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dc.contributor.authorBurton, C.R.
dc.contributor.authorHorne, Maria
dc.contributor.authorWoodward-Nutt, K.
dc.contributor.authorBowen, A.
dc.contributor.authorTyrrell, P.J.
dc.date.accessioned2015-07-16T14:54:58Z
dc.date.available2015-07-16T14:54:58Z
dc.date.issued2015
dc.identifier.citationBurton C, Horne M, Woodward-Nutt K, Bowen A and Tyrrell P (2015) What is rehabilitation potential? Development of a theoretical model through the accounts of healthcare professionals working in stroke rehabilitation services. Disability and Rehabilitation 37(31): 1955-1960.en_US
dc.identifier.urihttp://hdl.handle.net/10454/7356
dc.descriptionnoen_US
dc.description.abstractIntroduction: Multi-disciplinary team members predict each patient’s rehabilitation potential to maximise best use of resources. A lack of underpinning theory about rehabilitation potential makes it difficult to apply this concept in clinical practice. This study theorises about rehabilitation potential drawing on everyday decision-making by Health Care Professionals (HCPs) working in stroke rehabilitation services. Methods: A clinical scenario, checked for face validity, was used in two focus groups to explore meaning and practice around rehabilitation potential. Participants were 12 HCPs working across the stroke pathway. Groups were co-facilitated, audio-recorded and fully transcribed. Analysis paid attention to data grounded in first-hand experience, convergence within and across groups and constructed a conceptual overview of HCPs’ judgements about rehabilitation potential. Results: Rehabilitation potential is predicted by observations of “carry-over” and functional gain and managed differently across recovery trajectories. HCPs’ responses to rehabilitation potential judgements include prioritising workload, working around the system and balancing optimism and realism. Impacts for patients are streaming of rehabilitation intensity, rationing access to rehabilitation and a shifting emphasis between management and active rehabilitation. For staff, the emotional burden of judging rehabilitation potential is significant. Current service organisation restricts opportunities for feedback on the accuracy of previous judgements. Conclusion: Patients should have the opportunity to demonstrate rehabilitation potential by participation in therapy. As therapy resources are limited and responses to therapy may be context-dependent, early decisions about a lack of potential should not limit longer-term opportunities for rehabilitation. Services should develop strategies to enhance the quality of judgements through feedback to HCPs of longer-term patient outcomes.Implications for Rehabilitation Rehabilitation potential is judged at the level of individual patients (rather than population-based predictive models of rehabilitation outcome), draws on different sources of often experiential knowledge, and may be less than reliable. Decisions about rehabilitation potential may have far reaching consequences for individual patients, including the withdrawal of active rehabilitation in hospital or in the community and eventual care placement. A better understanding of what people mean by rehabilitation potential by all team members, and by patients and carers, may improve the quality of joint decision making and communication.en_US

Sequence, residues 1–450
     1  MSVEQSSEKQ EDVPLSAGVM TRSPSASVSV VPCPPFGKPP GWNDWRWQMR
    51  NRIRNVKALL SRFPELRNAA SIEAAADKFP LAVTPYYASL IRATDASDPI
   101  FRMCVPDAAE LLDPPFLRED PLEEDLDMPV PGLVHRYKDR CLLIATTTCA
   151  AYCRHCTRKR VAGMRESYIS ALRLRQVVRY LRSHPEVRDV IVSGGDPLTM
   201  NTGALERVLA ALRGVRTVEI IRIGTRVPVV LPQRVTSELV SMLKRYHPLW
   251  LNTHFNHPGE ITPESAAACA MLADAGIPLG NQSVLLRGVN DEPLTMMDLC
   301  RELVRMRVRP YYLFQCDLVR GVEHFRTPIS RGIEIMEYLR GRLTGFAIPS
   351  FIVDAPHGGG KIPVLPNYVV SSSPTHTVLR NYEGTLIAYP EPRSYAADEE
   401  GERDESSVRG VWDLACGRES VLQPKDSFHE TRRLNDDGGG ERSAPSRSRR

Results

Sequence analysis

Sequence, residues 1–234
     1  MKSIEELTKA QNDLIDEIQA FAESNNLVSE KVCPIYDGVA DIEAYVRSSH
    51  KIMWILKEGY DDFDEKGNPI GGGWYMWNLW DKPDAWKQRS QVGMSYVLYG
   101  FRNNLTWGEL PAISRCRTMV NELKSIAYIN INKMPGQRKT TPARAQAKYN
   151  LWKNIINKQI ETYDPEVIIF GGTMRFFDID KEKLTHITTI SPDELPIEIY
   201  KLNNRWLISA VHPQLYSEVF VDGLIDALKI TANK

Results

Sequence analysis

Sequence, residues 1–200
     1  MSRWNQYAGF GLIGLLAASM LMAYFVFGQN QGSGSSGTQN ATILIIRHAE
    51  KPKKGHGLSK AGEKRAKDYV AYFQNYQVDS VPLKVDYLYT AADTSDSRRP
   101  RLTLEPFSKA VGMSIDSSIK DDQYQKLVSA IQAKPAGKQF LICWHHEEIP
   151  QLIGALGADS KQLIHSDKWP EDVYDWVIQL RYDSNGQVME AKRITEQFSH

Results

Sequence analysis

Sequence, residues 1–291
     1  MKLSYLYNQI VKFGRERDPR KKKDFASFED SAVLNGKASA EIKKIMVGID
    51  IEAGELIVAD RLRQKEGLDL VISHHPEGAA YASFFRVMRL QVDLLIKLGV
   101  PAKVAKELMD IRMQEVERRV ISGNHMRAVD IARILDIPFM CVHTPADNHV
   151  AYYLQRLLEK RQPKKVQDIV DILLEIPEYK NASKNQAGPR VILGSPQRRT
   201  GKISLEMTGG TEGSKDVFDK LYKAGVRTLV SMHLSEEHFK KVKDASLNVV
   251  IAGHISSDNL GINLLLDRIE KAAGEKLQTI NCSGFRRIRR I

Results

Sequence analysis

dc.language.isoenen_US
dc.relation.isreferencedbyhttps://doi.org/10.3109/09638288.2014.991454en_US
dc.subjectClinical judgement, Decision-making, Qualitative, Rehabilitation potential, Resource allocation, Stroke rehabilitationen_US
dc.titleWhat is rehabilitation potential? Development of a theoretical model through the accounts of healthcare professionals working in stroke rehabilitation services.en_US
dc.status.refereedyesen_US
dc.typeArticleen_US
dc.type.versionNo full-text available in the repositoryen_US


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